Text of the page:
Cerebral edema is a life-threatening neurological condition characterized by brain swelling due to the accumulation of excess fluid both intracellularly and extracellularly. Fulminant hepatic failure (FHF) develops cerebral edema by disrupting blood-brain barrier (BBB). However, the mechanisms by which mediator induces brain edema in FHF remain to be elucidated. Here, we assessed a linkage between brain edema and lysophosphatidic acid (LPA) signaling by utilizing an animal model of FHF and in vitro BBB model. Azoxymethane-treated mice developed FHF and hepatic encephalopathy, associated with higher autotaxin (ATX) activities in serum than controls. Using in vitro BBB model, LPA disrupted the structural integrity of tight junction proteins including claudin-5, occludin, and ZO-1. Furthermore, LPA decreased transendothelial electrical resistances in in vitro BBB model, and induced cell contraction in brain endothelial monolayer cultures, both being inhibited by a Rho-associated protein kinase inhibitor, Y-27632. The brain capillary endothelial cells predominantly expressed LPA6 mRNA, whose knockdown blocked the LPA-induced endothelial cell contraction. Taken together, the up-regulation of serum ATX in hepatic encephalopathy may activate the LPA-LPA6-G12/13-Rho pathway in brain capillary endothelial cells, leading to enhancement of BBB permeability and brain edema.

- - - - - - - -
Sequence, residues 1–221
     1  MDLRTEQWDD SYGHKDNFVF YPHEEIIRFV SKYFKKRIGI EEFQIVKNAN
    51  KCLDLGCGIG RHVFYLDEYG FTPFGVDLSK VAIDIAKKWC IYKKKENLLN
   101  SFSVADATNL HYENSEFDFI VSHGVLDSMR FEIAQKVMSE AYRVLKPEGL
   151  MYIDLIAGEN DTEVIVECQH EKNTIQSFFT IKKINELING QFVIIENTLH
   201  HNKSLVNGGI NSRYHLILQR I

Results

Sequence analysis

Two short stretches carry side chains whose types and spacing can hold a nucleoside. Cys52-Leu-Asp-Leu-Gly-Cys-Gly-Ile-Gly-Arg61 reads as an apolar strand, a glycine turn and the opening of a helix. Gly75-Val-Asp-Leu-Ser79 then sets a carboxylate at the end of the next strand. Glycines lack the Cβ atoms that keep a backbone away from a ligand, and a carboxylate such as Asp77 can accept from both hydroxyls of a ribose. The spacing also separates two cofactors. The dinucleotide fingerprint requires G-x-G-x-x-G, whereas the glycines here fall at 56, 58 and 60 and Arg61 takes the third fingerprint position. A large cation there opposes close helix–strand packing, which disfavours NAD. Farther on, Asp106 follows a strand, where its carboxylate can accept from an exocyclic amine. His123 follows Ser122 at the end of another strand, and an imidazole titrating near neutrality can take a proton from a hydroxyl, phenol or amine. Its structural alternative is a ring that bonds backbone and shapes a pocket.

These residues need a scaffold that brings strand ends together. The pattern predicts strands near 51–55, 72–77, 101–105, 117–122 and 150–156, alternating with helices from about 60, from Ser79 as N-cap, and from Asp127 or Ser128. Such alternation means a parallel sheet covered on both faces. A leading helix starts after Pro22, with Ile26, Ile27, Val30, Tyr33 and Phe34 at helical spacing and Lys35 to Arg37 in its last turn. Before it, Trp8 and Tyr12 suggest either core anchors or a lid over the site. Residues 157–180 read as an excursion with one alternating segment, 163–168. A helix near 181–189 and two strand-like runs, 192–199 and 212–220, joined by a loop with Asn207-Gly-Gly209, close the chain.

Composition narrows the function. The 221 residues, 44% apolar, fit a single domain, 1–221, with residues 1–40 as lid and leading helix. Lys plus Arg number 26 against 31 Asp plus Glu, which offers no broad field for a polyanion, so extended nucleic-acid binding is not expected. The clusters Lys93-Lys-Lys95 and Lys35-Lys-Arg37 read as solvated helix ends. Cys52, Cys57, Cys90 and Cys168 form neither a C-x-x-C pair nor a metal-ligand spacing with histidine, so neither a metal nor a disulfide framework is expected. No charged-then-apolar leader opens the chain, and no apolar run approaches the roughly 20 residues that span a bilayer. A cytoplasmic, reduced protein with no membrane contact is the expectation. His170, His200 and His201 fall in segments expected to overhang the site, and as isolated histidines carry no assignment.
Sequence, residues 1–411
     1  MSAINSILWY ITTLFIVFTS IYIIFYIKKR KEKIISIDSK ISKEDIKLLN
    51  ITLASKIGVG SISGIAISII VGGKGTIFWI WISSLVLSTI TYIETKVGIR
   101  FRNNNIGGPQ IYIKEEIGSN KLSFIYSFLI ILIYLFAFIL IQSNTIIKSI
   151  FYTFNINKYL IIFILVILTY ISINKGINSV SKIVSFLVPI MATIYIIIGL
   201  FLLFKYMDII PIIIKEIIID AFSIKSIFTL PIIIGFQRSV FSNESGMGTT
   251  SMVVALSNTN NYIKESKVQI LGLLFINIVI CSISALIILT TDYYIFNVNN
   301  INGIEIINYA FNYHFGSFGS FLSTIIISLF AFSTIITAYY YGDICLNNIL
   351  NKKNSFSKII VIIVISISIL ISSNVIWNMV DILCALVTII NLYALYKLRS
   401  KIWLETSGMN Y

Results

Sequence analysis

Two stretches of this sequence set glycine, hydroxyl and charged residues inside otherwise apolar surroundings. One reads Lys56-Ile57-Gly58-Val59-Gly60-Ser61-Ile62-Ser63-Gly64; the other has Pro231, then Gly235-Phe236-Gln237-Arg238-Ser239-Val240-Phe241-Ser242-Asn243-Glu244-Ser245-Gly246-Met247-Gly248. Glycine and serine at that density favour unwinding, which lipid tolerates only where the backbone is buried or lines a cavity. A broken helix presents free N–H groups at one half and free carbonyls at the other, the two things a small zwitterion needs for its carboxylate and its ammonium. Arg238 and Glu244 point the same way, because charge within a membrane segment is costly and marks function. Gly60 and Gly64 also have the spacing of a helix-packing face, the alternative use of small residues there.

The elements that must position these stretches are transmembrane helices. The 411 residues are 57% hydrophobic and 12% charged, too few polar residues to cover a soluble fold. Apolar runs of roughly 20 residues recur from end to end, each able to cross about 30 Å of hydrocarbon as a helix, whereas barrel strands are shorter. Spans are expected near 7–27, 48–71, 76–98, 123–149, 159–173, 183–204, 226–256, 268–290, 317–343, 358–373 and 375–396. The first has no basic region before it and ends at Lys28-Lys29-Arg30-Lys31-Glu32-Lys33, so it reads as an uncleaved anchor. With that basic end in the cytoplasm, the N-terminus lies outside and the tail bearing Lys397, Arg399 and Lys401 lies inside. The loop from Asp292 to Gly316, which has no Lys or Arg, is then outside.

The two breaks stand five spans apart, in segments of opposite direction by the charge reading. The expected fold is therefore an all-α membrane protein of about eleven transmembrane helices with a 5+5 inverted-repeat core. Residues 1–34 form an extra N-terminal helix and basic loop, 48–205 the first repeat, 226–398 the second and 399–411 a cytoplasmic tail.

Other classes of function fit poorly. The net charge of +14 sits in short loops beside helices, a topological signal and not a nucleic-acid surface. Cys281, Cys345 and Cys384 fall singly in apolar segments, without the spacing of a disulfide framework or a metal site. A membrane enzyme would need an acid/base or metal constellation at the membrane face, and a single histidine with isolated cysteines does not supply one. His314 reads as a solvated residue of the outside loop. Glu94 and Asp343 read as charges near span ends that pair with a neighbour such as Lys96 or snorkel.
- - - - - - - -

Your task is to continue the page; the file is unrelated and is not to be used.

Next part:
Keywords: GPCR; Lipid mediator; Lysophospholipid; Neurological diseases; ROCK; p2ry5.
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